It is a mark of Steve Bannon's extraordinary sway in the Trump White House that a man who has spoken so little in public over the past two weeks is getting so much credit — and blame — for what's going on.
The conservative media executive's fingerprints are on virtually every significant move taken by President Donald Trump, from Trump's sweeping order to suspend the country's refugee program and block visitors from seven Muslim-majority countries to the nomination of Neil Gorsuch to the Supreme Court.
Trump raised eyebrows and hackles when he gave Bannon a seat on the powerful National Security Council Principals Committee. Bannon, a shaggy-haired agitator-turned-insider eager to make a lasting mark on Washington, was a strong advocate for Gorsuch, according to a person who spoke with him recently. That person spoke on the condition of anonymity in order to discuss a private conversation.
Bannon's early moves to consolidate power haven't come without pushback.
In a phone call Monday, Homeland Security Secretary John Kelly and Acting Secretary of State Tom Shannon asked the White House to take a back seat in cleaning up confusion caused by the chaotic rollout of the immigration order, according to two U.S. officials who spoke on condition of anonymity because they weren't authorized to speak publicly about internal government discussions.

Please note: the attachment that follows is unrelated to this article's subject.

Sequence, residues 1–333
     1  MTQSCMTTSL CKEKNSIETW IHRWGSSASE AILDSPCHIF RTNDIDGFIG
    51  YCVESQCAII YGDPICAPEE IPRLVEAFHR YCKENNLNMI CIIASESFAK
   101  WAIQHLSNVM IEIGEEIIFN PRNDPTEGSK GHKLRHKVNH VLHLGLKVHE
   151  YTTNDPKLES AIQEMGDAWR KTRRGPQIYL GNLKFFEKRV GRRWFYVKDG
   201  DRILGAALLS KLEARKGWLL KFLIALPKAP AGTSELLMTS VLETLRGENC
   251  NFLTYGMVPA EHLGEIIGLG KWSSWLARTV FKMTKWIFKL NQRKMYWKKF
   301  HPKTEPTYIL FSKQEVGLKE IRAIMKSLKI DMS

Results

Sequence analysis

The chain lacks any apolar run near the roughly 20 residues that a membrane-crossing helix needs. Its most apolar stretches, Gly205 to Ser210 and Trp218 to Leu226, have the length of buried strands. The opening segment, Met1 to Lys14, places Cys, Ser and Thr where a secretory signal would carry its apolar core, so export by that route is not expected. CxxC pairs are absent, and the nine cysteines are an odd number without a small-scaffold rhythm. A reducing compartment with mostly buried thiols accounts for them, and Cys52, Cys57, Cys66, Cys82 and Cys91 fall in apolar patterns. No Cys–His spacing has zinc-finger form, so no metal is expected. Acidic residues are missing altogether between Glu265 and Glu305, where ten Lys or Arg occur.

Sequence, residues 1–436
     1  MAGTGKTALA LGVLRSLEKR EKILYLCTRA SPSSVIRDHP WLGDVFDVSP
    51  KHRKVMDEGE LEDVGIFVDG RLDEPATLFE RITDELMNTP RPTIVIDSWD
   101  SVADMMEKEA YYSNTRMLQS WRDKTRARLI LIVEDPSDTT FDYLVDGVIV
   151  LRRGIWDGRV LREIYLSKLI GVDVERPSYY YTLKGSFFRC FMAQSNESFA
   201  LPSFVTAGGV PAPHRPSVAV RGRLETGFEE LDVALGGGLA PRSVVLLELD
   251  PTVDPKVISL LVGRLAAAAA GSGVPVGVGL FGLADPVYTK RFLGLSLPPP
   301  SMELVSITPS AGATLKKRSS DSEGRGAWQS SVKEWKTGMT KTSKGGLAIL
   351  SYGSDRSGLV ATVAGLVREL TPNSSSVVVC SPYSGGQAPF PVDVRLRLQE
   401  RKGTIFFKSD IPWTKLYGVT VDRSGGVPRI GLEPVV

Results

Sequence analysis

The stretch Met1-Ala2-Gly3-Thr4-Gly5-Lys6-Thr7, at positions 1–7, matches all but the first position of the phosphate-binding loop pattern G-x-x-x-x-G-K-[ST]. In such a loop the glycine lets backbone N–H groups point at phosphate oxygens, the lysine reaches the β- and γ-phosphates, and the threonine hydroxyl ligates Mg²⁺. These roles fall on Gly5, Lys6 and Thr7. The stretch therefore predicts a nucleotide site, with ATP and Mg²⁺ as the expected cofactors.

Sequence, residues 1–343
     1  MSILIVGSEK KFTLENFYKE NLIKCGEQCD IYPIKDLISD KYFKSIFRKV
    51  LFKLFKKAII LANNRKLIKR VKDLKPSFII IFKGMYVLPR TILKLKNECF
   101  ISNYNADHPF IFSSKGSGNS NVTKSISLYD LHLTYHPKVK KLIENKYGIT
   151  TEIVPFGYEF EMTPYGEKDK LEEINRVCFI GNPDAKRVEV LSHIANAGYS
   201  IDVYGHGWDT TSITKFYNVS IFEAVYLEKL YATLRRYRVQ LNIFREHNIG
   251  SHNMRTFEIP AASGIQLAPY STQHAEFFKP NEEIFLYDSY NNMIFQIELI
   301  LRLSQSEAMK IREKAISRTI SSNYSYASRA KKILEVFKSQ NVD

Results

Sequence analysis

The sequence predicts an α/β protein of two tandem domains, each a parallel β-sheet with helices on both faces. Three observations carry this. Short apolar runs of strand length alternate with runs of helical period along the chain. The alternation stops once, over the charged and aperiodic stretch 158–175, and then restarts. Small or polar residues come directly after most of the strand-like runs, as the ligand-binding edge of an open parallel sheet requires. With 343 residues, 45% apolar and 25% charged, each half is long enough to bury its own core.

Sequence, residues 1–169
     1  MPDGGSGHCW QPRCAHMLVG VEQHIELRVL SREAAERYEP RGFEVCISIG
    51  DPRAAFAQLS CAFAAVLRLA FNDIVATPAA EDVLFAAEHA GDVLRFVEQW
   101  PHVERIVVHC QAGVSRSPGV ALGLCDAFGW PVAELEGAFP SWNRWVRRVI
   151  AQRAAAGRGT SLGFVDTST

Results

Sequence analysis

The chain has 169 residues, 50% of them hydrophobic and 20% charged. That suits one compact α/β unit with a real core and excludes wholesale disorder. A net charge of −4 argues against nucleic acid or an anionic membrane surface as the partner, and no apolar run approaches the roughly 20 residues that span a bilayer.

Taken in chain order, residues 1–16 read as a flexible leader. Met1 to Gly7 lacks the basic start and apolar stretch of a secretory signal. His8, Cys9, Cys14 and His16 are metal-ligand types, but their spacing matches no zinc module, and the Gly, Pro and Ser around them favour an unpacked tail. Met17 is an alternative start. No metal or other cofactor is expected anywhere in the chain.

White House spokeswoman Lindsay Walters disputed the portrayal of the call with Homeland Security, saying it was the White House that reached out and asked other agencies to take the lead.
Still, the extent of Bannon's influence was underscored by Trump's striking decision over the weekend to add his name to the roster of top national security hands who meet on the Principals Committee, not typically the province of political strategist.
"Steve's the main ideological mover of the administration. He's the chief ideological officer and he has a strong point of view," said Christopher Ruddy, the CEO of Newsmax and a friend of the president. "I think the bond is their world view."
The 64-year-old Bannon shares Trump's business and media experience, as well as his dramatic flair. He's a fellow disruptor who helped Trump capitalize on the populist anger and frustration that propelled them both to the White House.
Rarely seen or heard during Trump's campaign, Bannon is now a fixture.
If Trump is moving quickly to overthrow the established order, Bannon is the one fomenting rebellion.
If White House chief of staff Reince Priebus is there to maintain order and focus, Bannon is there to wage war.
"He wants to be the intellectual, strategist bomb-thrower," says former House Speaker and informal Trump adviser Newt Gingrich, who sees Bannon as the perfect ally to the president in disrupting the status quo. "He does not want to be the guy who makes the trains run on time."
Bannon has cultivated a near-diabolical image in his rare, headline-making interviews.
He recently told The New York Times he sees the media as "the opposition party," and advised the press to "keep its mouth shut" after it underestimated Trump.
"Darkness is good," he told The Hollywood Reporter shortly after Trump's win. "Dick Cheney. Darth Vader. Satan. That's power."
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